By Charlotte Des Jardins

Book Review by Julie M. Accola
AEHA Quarterly, Winter 93-Spring 94

How to Get Services by Being ASSERTIVE is a book by Charlotte Des Jardins.  It is available only from Family Resource Center on Disabilities, 20 East Jackson Boulevard, Room 900, Chicago, Illinois 60604, 800/952-4199(US) or 312/939-3513.  1993, paperback, 208 pages.  $5(US) plus shipping.

If you’re trying to obtain educational services for a child with multiple chemical sensitivities (MCS), How to Get Services by Being ASSERTIVE is a “must have”, even though it does not specifically mention MCS.  Because it’s written frankly and from the parent perspective, this book fills a need not met by other materials.

I shared this book with a parent of children with MCS, and she rated it excellent and lamented that she hadn’t had it a year ago to give her confidence, information, and step-by-step guidance she needed.

The book, often used as a textbook for parent advocacy training, contains sections on how to determine your style, use assertiveness at special education meeting hearings, (due process hearings, etc.), deal with bureaucrats and public officials, and much more.  Especially helpful are the assertiveness exercises on topics such as “Using their Negatives to Build Your Positives”, and “How to Shovel Your Way Out of Those Bureaucratic Snow Jobs”.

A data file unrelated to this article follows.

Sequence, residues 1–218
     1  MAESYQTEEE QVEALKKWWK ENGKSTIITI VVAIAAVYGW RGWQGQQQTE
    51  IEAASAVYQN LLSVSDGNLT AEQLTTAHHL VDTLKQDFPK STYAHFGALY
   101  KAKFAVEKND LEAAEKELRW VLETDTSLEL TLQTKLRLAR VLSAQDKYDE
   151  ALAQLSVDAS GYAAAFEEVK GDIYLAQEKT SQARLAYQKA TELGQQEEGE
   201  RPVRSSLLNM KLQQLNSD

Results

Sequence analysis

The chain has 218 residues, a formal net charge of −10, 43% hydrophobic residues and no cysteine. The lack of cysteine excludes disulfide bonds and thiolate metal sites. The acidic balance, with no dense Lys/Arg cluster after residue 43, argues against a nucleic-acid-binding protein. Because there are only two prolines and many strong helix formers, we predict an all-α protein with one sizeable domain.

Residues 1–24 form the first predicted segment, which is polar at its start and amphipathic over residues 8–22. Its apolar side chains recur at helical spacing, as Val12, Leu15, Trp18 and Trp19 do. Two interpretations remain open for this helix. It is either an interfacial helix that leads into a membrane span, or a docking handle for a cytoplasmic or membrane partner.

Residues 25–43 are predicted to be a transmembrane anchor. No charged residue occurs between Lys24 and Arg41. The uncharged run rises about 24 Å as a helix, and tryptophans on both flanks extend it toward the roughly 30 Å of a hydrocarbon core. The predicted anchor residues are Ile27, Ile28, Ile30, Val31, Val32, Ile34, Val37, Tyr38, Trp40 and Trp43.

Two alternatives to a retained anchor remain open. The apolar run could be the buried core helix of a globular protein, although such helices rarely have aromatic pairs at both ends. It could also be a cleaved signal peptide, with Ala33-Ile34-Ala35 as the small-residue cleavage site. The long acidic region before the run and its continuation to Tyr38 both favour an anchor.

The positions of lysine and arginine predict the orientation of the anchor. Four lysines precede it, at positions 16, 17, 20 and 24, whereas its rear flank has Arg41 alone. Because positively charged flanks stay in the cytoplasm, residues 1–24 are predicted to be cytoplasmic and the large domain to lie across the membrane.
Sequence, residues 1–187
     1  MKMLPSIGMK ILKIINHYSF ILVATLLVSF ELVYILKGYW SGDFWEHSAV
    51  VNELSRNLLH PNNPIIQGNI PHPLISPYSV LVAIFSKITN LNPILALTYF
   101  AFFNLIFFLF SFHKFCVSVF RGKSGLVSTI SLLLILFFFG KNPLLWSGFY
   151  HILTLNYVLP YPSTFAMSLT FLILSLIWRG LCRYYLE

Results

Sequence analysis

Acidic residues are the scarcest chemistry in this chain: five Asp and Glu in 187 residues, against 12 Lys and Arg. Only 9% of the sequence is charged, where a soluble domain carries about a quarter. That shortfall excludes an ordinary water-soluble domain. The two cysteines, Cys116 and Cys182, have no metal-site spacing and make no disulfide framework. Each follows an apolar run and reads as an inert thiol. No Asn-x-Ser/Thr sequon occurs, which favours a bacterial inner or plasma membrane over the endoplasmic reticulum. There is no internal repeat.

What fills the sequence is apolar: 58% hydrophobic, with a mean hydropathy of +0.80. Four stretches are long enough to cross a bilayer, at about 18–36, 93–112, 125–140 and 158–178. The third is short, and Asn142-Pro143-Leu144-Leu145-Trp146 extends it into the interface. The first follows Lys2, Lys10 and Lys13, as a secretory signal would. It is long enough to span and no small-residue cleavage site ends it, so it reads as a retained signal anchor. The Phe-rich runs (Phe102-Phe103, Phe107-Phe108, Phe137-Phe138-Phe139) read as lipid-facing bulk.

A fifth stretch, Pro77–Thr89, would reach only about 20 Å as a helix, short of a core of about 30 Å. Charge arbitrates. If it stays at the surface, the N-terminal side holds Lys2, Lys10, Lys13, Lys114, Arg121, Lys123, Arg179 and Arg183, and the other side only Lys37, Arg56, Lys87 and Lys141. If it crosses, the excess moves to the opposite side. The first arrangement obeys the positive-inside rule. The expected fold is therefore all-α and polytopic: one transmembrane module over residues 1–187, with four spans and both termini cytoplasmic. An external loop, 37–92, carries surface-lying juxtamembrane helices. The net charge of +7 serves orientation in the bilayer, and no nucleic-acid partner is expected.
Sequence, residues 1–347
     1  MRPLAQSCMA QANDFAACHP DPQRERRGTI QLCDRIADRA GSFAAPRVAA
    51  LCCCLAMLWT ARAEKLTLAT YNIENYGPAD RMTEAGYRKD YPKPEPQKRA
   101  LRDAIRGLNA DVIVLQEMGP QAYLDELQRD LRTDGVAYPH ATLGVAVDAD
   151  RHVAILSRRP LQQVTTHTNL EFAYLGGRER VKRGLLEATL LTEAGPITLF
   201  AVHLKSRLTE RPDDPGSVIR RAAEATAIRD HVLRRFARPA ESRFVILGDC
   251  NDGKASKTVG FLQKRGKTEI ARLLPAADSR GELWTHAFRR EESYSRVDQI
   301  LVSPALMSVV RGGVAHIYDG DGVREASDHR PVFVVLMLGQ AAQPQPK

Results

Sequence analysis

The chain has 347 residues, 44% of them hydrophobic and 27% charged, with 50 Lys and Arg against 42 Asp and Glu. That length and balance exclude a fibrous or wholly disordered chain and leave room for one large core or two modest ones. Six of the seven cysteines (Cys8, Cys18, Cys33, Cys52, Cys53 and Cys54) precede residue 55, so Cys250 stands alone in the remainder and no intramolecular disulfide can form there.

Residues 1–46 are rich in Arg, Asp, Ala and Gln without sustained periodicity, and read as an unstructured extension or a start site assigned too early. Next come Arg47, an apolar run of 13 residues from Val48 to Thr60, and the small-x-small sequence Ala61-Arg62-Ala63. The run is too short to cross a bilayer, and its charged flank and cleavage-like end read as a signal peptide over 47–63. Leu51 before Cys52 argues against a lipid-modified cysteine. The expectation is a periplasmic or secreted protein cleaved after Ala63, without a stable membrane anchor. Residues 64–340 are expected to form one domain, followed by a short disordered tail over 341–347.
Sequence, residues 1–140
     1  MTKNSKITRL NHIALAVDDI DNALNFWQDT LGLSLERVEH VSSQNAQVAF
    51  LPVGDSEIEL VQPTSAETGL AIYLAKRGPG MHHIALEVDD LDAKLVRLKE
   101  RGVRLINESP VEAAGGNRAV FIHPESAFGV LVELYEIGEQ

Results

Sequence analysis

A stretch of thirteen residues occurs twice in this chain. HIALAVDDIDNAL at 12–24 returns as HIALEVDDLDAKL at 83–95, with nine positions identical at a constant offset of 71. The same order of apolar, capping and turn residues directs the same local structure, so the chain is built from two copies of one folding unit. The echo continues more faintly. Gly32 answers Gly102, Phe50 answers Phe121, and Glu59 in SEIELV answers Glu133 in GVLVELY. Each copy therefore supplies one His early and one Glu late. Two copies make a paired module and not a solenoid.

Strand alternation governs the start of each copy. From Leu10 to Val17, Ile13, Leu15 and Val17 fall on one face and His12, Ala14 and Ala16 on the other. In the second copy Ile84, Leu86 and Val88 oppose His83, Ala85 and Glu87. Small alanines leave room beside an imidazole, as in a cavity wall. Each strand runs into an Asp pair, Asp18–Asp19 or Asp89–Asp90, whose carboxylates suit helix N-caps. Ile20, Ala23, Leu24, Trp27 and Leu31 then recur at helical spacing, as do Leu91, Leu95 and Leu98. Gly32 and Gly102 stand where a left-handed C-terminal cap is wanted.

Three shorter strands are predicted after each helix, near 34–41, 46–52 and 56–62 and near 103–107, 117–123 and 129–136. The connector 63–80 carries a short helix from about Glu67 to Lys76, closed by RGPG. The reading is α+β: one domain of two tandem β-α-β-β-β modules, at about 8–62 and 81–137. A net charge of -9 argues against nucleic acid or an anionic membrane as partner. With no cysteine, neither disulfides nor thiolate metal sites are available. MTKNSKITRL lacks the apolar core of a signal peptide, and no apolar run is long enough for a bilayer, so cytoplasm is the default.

The book does a good job summarizing special education law and available resources without becoming bogged down in these topics; information is provided on how to obtain copies of the laws (US).  A few case studies by parents and who eventually won services for handicapped children provides inspiration.

Some key messages from the book:

Be assertive rather than aggressive.

Keep to the topic of your child’s special needs; don’t let officials get off on tangents  about your child’s behaviour, schools’ lack of money, etc.

Learn your rights by becoming familiar with laws pertaining to the disabled.

Be persistent.

Make requests in writing.

Keep logs of all contacts with the school system and others.

Reprinted with permission from The Human Ecologist, Summer 1993, P.O. Box 49126, Atlanta, GA, 30359-1126, (404) 248-1898.